J.P. Morgan boss Jamie Dimon: “It’s a fraud. It’s worse than tulip bulbs. It won’t end well. Someone is going to get killed.”
In the other Corner: Murray Stahl.
And the following is just purely stupid:
Usually when a company rebrands itself by diving into the digital currency space, the stock waits until after the announcement to take off. In the case of Bioptix Inc., a maker of diagnostic machinery for the biotech industry, it didn’t bother waiting.
The penny stock nearly doubled in value in the days leading up to the company’s announcement Wednesday that it’s renaming itself Riot Blockchain Inc. to reflect a new focus on buying cryptocurrency and blockchain businesses. After the Castle Rock, Colorado-based firm formally unveiled the change in direction, the shares extended their rally, gaining as much as 17 percent to $9.50, the highest intraday level since January 2015.
Other companies have shown that a foray into the cryptocurrency space is often rewarded by investors, at least initially, as the astronomical increase in the value of virtual coins has lured everyone from big banks to startups. Overstock.com Inc. shares rallied after the online retailer said it was starting a digital-coin exchange. Shares of MGT Capital Investments Inc., the cybersecurity firm with ties to controversial anti-virus software developer John McAfee, soared after the company announced a move into bitcoin mining.
People grossly misunderstand the “technology” versus the Crypto-currency as an asset class. We think the former is interesting, the latter scary.
Protections have gotten so lax in the $1 trillion market for U.S. leveraged loans that if an offering comes with decent covenants, lenders take it as a sign that something’s wrong with the deal. ‘You have to think twice when you see a loan with a covenant these days’ says Thomas Majewski, managing partner and founder of Eagle Point Capital Management.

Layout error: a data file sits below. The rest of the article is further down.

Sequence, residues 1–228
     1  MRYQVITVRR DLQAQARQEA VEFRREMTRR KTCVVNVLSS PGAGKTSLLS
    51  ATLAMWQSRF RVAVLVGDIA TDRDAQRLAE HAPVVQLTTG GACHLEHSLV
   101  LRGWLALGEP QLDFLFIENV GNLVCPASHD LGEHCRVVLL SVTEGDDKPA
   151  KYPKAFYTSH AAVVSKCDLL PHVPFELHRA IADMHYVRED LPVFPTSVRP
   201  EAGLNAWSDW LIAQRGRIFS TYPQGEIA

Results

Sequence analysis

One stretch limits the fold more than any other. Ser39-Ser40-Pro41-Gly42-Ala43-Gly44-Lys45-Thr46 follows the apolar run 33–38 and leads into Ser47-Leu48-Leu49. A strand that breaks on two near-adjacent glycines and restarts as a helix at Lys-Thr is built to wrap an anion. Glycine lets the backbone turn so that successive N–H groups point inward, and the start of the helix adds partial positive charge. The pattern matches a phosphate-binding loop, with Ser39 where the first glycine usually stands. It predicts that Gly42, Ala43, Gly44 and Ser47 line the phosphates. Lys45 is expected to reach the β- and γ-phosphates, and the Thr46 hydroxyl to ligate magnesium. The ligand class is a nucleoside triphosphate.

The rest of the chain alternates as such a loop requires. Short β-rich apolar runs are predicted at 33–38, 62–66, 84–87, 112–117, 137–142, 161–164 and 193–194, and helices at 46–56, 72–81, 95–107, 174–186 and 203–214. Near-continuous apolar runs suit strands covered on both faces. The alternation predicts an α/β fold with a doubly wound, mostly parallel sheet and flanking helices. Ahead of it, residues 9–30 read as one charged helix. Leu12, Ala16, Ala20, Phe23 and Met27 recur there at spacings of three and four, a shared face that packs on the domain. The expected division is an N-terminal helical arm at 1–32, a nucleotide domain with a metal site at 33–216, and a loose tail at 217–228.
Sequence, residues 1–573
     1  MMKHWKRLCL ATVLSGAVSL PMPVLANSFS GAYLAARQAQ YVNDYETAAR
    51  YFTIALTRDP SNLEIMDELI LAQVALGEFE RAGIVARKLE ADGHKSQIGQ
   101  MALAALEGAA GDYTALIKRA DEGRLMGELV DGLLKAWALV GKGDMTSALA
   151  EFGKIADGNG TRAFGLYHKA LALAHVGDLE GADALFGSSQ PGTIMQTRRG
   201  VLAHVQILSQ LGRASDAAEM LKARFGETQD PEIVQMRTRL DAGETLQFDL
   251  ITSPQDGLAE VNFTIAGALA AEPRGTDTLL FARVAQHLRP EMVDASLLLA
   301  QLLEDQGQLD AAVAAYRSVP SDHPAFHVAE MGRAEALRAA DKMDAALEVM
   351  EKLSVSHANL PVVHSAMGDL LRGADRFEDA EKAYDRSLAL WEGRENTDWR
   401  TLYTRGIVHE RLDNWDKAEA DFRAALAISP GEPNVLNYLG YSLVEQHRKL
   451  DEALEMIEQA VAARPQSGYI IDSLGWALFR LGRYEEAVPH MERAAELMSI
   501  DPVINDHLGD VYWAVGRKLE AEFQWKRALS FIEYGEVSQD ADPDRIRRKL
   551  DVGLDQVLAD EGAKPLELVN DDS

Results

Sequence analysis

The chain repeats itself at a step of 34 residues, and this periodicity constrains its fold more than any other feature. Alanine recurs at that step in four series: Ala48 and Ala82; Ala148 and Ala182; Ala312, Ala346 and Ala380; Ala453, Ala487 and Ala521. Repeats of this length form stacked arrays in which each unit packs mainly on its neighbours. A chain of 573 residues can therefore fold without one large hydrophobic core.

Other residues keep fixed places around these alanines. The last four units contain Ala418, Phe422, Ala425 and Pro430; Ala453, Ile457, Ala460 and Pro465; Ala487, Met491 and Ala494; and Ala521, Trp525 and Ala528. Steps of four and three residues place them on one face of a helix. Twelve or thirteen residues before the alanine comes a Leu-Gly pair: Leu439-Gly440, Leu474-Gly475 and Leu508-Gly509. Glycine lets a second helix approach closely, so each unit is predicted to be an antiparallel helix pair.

‘It’s basically the worst it’s ever been in terms of loan covenant protections,’ says Derek Gluckman, senior covenant officer at credit-rating firm Moody’s Investors Service. (BLOOMBERG)
The Under-sampling of Failure—we only see the success and incorrectly attribute cause and effect to it, without accounting for luck and randomness
Active shops have responded to this technological threat by putting those “uniquely human” tasks into an automated form—strategic-beta ETFs that codify a manager’s active thinking into rules that can be indexed. Assets in these products have grown nearly 30% this year through June from 2016 levels, growing faster than the ETF space as a whole as well as the asset management industry, according to Morningstar.
Late last month, once-legendary active shop Turner Investments announced that it would acquire ETF specialist Elkhorn Capital Group and shut down its remaining actively managed mutual funds. USAA Capital, which has for decades served the military and their families with active funds, recently requested permission to launch four multifactor funds tracking MSCI indexes and two active fixed-income ETFs. Factor ETFs are a subset of strategic beta; these ETFs choose stocks based on qualities such as their profitability, volatility, or momentum.